Wednesday, June 9, 2010

With you all the way on that one St. Paul.


For all sorts of reasons I've been thinking about equal opportunities a lot of late. Some things have happened in my world - but not to me - which I'm not at all happy about. To act or not to act, given that it isn't my problem, that is the question.

Then I received an invitation to preach at a friend's Anglican Church and in the lectionary I find that the Epistle is Galatians 3. 23-29. I think there is a message here I should ponder. Too many coincidences - if you believe in them, of course.

“You are all sons of God through faith in Christ Jesus….There is neither Jew nor Greek, slave nor free, male nor female, for you are all one in Christ Jesus.” The churches have rarely lived up to the radical insights given expression in St. Paul’s writings here and the meaning of today’s Epistle is not that there can be, or should be no distinctions among us, but that there can be no superiority of one over another or exclusion of one by the other. Paul’s words surely affronted first-century Jews steeped in a religion that fostered exclusion as a way of maintaining purity of faith and protection from outsiders: these are the people who prayed: “Thank you Lord, for not making me a foreigner, a slave, or a woman.” Paul rejected and reversed this view by declaring that these distinctions amounted to nothing in the eyes of God and those who would follow Jesus.

In my secular life I am an R.E. teacher and today’s Epistle is a passage that my students examine when we consider the topic of religion and prejudice. They are often perplexed about the limits that this passage appears to place on God’s grace: this age group has a strong sense of the importance of justice and they are cynical about how organised religion seems to find opt-out clauses for particular categories of people. “It’s a bit like that quote from Animal Farm” one girl concluded recently, “where the animals realise that some are more equal than others.”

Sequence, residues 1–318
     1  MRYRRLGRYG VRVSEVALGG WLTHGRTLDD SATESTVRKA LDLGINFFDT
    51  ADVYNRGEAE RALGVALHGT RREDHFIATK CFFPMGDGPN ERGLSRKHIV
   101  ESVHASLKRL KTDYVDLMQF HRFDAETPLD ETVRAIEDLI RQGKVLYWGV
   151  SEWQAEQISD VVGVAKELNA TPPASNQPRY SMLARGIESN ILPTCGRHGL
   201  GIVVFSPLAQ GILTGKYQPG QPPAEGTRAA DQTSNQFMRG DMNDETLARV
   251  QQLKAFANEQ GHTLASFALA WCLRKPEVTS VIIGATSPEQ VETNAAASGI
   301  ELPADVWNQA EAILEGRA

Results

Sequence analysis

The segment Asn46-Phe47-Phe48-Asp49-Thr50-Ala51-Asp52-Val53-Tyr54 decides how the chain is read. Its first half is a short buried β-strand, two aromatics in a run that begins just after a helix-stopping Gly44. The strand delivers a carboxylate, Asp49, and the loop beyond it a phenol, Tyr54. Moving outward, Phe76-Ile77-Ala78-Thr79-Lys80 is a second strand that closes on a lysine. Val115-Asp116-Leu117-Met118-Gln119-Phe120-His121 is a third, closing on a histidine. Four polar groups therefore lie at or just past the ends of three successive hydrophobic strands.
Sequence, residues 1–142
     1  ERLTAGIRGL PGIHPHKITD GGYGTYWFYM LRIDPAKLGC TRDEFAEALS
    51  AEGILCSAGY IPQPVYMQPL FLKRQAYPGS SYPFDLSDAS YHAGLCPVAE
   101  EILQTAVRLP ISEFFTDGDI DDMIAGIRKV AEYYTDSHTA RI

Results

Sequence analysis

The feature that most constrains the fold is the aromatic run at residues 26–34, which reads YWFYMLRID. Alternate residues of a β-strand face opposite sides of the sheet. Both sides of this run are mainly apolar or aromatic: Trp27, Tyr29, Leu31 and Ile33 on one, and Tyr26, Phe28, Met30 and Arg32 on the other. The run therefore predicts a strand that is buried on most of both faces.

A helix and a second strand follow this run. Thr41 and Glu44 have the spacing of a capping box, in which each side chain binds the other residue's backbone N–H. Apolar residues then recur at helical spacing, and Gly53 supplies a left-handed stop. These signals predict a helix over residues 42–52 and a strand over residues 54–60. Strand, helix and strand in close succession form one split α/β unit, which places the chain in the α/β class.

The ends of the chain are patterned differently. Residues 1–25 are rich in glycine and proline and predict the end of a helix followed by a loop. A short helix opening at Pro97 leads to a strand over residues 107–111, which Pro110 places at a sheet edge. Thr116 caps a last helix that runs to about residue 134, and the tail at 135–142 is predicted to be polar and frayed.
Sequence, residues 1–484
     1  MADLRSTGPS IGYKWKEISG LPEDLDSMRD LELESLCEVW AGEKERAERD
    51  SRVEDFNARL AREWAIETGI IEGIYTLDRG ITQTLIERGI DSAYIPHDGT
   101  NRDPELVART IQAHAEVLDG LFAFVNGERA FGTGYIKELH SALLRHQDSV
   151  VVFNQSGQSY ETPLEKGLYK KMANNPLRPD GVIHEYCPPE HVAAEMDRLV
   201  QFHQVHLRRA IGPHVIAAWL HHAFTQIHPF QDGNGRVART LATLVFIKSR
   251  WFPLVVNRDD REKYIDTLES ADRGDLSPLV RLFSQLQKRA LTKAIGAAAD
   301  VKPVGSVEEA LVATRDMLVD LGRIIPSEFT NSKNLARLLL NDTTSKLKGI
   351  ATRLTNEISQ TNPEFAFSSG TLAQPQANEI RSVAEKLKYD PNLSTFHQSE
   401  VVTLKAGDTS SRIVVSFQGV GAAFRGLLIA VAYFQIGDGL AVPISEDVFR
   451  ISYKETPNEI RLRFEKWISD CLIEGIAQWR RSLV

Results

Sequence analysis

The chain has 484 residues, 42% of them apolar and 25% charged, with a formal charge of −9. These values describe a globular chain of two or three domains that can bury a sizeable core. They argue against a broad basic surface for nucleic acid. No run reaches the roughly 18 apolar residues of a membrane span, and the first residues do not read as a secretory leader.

“So what does the passage from Galatians teach about Christianity and wholeness through equality in the sight of God?” I ask them. Furrowed brows. “O.K. What does it teach about the Christianity of the first century?” We have the beginnings of understanding: “Well,” one answers, “there were divisions in that society between Jews and Greeks, slaves and non-slaves and between the genders.” “Right. So what’s the application for Christians in 2010?” More furrowed brows. “O.K.” I persevere, “Is it an exclusive list? Is it set in stone for all time?” There is a pause and then tentatively: “Sir? Are you saying that those old categories are just examples and that each generation has to apply the spirit of the teaching to its own time?” “So” I ask, “which from St. Paul’s list can we ditch then, because they don’t apply today?” There is a flurry of hands in the air. “Well, Jews and Greeks and slaves and free.” “We’re not left with much then are we?” someone notes “Just male and female.” So I ask them whether they agree that sexism is still an issue in today’s society, in the church even. They do. “So what would we need to add in now that we’ve taken the other two out?” Now they’ve all got it. Everyone has an idea and there is some animated conversation in the class. “O.K. Conclusions?” And now we have a new list. There is neither:

• Black nor white.
• Old nor young.
• Able bodied nor disabled.
• Middle class nor working class
• Straight nor Gay.
• Tall nor short, fat nor thin. And so on. Even ginger people get a passing mention.

“Are you happy that this list is in the spirit of St. Paul’s teaching?”

They are.

And then someone asks: “Are you allowed to do that with the Bible?”

And that’s my question to you here this morning. If these passages we hear week by week are to mean anything to us, and be more than just mildly interesting ancient religious documents, then they must have an application to how we live our lives and to how we relate to each other and how we do that can’t, surely, be bound by the social and religious mores of an earlier age. Can it?